NEWS FEATURE: With Faith and Trepidation, Ex-Soviet Jews Pursue Late-Life Circumcision

c. 2004 Religion News Service (UNDATED) In June, two months shy of his 59th birthday, Valeriy Kozlov did the unthinkable: He went under the knife for religious reasons. Kozlov, a Belarus native, followed the example of his friend Leonid Marder, a Russian emigre who was circumcised at age 66. Both resettled in Reisterstown, Md., a city near Baltimore that is home to many ex-Soviet Jews. “As with any operation, a person is afraid of blood _ of being cut,” Kozlov said.

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c. 2004 Religion News Service World Health Organization: Rites Needed to Grieve Tsunami Victims (RNS) The World Health Organization said dead bodies from the South Asia tsunami do not present a major health risk, and families should be allowed to proceed with religious burial rites instead of having to endure mass cremations and graves. The WHO said depriving relatives of funerals for the dead does long-term psychological and emotional harm, and said the health risks posed by dead bodies are exaggerated and misunderstood. “Survivors will feel more at peace and manage their sense of loss better if they are allowed to follow their beliefs and religious practices and if they are able to identify and recover the remains of their loved ones,” according to a fact sheet released by the Pan American Health Organization, the Washington-based field office of the WHO. The waves of water created by a Sunday (Dec.

COMMENTARY: A New Year’s Resolution for Pundits

c. 2004 Religion News Service (UNDATED) In discussing news coverage of religion in 2004, a modified version of Winston Churchill’s famous words applies: Never in the history of reporting on religion has so large and consistent a distortion been imposed on so many by so few. Most religion writers are as seasoned to the human condition as old pastors. They have seen everything and, if they forget little, they forgive a lot. Because they understand the nature and subtleties of the experience of faith in the great religious institutions, they _ unlike many mainstream media pundits _ do not write the kind of shorthand and shortsighted accounts of belief that have appeared so often in a year in which faith was front and center in everything from politics to the movies.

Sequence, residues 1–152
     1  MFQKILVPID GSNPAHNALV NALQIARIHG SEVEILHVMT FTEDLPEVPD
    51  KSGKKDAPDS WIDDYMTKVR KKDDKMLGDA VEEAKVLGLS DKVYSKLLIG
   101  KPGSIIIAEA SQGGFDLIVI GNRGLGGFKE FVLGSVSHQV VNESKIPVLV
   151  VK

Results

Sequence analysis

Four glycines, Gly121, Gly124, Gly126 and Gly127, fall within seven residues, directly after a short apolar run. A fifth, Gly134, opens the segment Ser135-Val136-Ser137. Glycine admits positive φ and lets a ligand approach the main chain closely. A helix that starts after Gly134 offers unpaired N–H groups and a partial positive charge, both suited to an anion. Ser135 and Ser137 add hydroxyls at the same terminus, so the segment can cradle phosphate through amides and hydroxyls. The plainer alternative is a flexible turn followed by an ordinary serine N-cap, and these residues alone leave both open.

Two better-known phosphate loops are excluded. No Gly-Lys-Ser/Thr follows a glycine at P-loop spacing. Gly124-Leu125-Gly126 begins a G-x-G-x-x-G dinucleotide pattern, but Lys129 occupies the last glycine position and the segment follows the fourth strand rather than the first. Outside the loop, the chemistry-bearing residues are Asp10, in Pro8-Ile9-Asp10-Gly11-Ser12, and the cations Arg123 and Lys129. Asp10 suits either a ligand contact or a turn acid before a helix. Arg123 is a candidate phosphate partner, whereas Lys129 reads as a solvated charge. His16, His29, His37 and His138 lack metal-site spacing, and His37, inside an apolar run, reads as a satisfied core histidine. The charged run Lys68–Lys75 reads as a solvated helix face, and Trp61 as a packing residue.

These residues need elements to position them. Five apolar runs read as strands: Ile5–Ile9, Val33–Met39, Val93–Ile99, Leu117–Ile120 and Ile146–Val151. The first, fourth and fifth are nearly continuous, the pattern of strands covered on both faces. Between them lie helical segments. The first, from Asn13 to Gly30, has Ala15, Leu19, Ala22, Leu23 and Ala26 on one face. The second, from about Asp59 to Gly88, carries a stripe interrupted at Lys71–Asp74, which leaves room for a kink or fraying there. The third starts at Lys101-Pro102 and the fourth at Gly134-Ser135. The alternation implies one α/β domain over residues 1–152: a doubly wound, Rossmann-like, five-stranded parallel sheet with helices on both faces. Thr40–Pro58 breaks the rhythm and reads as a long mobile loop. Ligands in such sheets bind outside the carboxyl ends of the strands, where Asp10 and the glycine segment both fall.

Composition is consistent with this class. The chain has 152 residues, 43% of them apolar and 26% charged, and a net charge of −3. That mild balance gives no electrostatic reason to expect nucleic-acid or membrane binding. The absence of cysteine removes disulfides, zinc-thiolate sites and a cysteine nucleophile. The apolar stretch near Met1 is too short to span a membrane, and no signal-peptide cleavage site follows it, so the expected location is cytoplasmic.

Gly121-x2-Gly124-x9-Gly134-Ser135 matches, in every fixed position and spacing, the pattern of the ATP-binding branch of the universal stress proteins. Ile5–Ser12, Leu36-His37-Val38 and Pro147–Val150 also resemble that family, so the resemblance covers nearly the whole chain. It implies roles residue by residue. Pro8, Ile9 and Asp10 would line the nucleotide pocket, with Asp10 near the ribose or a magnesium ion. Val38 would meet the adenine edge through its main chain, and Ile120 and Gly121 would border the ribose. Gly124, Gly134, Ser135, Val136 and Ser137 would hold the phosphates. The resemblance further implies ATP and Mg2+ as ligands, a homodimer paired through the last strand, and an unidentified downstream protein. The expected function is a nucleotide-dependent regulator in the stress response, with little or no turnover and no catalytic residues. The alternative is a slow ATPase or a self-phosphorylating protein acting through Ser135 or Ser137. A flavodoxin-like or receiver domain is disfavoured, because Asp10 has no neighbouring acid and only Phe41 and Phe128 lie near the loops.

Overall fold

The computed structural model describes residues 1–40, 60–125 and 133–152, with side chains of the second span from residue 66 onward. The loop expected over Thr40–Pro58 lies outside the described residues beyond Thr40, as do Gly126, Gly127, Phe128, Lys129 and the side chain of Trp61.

COMMENTARY: Push for Israeli Divestment Is Always Wrong

c. 2004 Religion News Service (UNDATED) The General Assembly of the Presbyterian Church (USA) voted last July to “initiate a process of phased selective divestment in multinational corporations doing business in Israel.” Criticism of divestment came quickly from many Presbyterians including clergy and laypeople, progressives and conservatives. At a recent New York City interreligious conference at Auburn Seminary, the Rev. Susan Andrews, a former PCUSA moderator and pastor of the Bradley Hills Presbyterian Church in Bethesda, Md., said the divestment initiative has sparked more negative reaction than any other action in recent memory. She noted the church’s national headquarters in Louisville, Ky., has received a huge number of e-mails, telephone calls and “snail mail” protesting divestment. Some Presbyterian critics of the plan labeled it “anti-Semitic,” a charge church leaders have denied.

NEWS FEATURE: Sex Abuse Training Program Raises Eyebrows

c. 2004 Religion News Service NEW YORK _ On a recent Wednesday evening at St. Anselm’s School in Brooklyn, more than 60 church volunteers, teachers and coaches sat quietly watching a video in a basement meeting room. Subway trains passed beneath the building, periodically rumbling the floor. Suddenly, the room let out a collective gasp.